It's the twenty-eighth day after the fiery rupture of BP's oil platform in the Gulf of Mexico, and only now the massive oil leak seems to be slowing to a close. It has been called a "transforming event" (good diagrams here) for the way that this rupture has been handled, both environmentally and in terms of risk to the industry. In observing the ongoing efforts to cap this leak, as well as the expanding impact of the oil on the surface and in the newly tracked underwater plumes, the magnitude of this accident becomes almost overwhelming. Yet this kind of activity in environmentally sensitive areas - as in this case our seafood supply - carries risks that have, at least until now, seemed manageable in the traditional costs and balances of business risk and accounting.
There is a systemic way of looking at this called Public Choice theory, which relates to the economics of government in that there is a lack of information feedback, as well as limited capacity to respond to major events like Hurricane Katrina. It's endemic to government processes and the slow filtering of information to the decision-makers who are not experts in the situation. When regulations and legal structures allow a cap on the costs of risks, such as BP has, then the operation will tend to take the risks that would produce far greater damage than if the company were to be held completely liable. Hence the position of the Obama administration that BP take full responsibility for the effects of this rupture, not just that which has been previously bounded by contracts and regulations.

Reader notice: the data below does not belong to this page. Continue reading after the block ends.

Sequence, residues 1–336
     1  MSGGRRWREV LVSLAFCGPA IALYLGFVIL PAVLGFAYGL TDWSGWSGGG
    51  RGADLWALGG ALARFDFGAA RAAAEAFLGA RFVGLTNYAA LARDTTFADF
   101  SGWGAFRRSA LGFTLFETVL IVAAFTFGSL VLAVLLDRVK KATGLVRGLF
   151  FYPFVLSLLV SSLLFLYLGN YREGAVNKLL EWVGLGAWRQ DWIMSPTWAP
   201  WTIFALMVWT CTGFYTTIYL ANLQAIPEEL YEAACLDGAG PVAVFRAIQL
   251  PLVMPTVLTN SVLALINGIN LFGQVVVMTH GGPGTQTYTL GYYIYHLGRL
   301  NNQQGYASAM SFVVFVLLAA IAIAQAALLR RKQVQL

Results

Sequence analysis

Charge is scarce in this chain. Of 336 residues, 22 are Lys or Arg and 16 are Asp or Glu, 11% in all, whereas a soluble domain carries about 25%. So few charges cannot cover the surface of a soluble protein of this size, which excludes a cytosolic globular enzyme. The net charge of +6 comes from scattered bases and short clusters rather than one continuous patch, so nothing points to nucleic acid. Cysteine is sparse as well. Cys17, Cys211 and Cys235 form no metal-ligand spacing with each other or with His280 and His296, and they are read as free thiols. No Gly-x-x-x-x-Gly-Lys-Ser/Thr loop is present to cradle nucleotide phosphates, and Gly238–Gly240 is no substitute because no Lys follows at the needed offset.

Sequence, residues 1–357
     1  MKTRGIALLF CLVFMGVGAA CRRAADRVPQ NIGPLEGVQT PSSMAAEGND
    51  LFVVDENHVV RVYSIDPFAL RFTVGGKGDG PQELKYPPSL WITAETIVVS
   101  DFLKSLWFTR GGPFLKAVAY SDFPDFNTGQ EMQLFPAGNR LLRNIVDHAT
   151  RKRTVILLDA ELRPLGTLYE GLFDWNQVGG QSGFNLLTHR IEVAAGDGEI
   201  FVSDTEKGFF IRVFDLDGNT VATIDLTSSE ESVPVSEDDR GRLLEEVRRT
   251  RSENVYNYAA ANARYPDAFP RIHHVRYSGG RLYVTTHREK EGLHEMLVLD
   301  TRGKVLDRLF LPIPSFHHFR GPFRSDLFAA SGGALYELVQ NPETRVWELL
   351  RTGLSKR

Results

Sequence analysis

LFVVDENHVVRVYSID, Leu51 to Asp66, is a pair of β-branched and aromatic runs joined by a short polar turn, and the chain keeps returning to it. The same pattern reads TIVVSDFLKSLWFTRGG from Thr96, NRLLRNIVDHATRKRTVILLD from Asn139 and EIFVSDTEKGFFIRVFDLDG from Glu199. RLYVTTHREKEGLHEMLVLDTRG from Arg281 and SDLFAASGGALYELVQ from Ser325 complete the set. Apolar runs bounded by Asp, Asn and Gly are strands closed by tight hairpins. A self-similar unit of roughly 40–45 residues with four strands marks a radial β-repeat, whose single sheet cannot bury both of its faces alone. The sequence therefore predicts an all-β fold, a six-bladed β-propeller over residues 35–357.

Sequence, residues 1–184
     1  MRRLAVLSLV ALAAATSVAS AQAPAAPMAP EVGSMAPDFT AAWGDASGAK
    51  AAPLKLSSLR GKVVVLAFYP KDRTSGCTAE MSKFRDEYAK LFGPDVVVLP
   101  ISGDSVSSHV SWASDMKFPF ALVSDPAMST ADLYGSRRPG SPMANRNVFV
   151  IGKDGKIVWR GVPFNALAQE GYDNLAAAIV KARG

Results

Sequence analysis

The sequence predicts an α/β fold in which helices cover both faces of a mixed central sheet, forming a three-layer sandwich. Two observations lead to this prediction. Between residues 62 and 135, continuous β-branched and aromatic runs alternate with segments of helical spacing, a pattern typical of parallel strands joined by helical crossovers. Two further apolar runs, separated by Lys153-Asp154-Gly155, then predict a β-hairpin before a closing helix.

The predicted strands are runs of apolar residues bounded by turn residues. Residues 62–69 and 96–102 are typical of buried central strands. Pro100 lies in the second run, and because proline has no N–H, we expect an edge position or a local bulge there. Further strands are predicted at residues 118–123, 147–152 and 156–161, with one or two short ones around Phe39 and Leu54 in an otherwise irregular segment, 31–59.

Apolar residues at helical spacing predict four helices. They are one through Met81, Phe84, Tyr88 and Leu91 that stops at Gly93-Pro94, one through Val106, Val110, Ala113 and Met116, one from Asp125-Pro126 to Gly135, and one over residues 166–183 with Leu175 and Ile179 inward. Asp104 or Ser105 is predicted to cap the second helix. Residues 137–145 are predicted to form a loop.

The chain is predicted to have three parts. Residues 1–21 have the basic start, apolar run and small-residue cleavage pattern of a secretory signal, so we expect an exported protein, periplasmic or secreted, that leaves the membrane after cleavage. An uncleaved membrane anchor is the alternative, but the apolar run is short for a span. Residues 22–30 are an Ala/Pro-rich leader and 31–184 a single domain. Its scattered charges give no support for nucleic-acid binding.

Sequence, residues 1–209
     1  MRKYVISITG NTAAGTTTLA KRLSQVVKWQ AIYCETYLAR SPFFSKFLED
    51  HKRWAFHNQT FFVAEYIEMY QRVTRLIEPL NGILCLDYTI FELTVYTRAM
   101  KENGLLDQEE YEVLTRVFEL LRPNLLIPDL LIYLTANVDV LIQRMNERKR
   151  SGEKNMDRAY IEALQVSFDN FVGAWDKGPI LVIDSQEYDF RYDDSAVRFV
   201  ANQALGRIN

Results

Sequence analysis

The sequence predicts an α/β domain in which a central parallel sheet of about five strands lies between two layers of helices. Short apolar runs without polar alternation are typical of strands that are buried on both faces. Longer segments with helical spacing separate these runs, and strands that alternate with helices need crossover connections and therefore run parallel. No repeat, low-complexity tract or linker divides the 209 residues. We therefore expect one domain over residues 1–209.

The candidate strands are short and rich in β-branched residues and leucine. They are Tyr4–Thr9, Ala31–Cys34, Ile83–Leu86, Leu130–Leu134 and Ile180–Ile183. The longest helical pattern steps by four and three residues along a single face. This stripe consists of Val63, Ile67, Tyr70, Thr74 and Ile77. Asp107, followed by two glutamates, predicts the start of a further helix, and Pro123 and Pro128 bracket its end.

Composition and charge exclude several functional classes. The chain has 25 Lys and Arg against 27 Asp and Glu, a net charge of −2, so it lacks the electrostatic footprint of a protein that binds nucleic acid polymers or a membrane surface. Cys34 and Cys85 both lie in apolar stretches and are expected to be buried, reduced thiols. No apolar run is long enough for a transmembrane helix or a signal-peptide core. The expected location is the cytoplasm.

One way to understand this is to briefly read this fascinating "Oil Electric" blog, which explains in some detail what exactly is on the floor of the ocean in the Gulf of Mexico. It's not a natural environment any more, there's an entire network of pipes and rigs throughout this shallower part of the ocean. It is an entire underwater industrial system that is interconnected and runs miles of pipe on and under the sea floor. Actually it's the impact crater from the asteroid that impacted the earth 65 million years ago and caused the extinction of the dinosaurs. Has something to do with all the oil there, I suppose.
So the natural environment, or what's left of it, has co-existed with this industrial system for over a century. These rigs have evolved into platforms that are self-sufficient small cities; some are movable, others are permanent platforms. These permanent structures ultimately become a haven for sea life after the oil platform is no longer in use. But what kinds of risks are acceptable, particularly now that we've seen the "worst case" that has decimated sea life and the ecology of the entire southern coast?
A new kind of balance sheet, that gives weight to the true value of natural systems and the life support that they provide, has been evolving globally to benchmark the true risks to all life and their systems from the human activities that impact them. This is Natural Capital, and it takes into account the extended costs of human impact on natural systems - our planetary resources. Key to these measurements is the value of biodiversity in ecological systems. This event will no doubt move the discussion forward very rapidly now.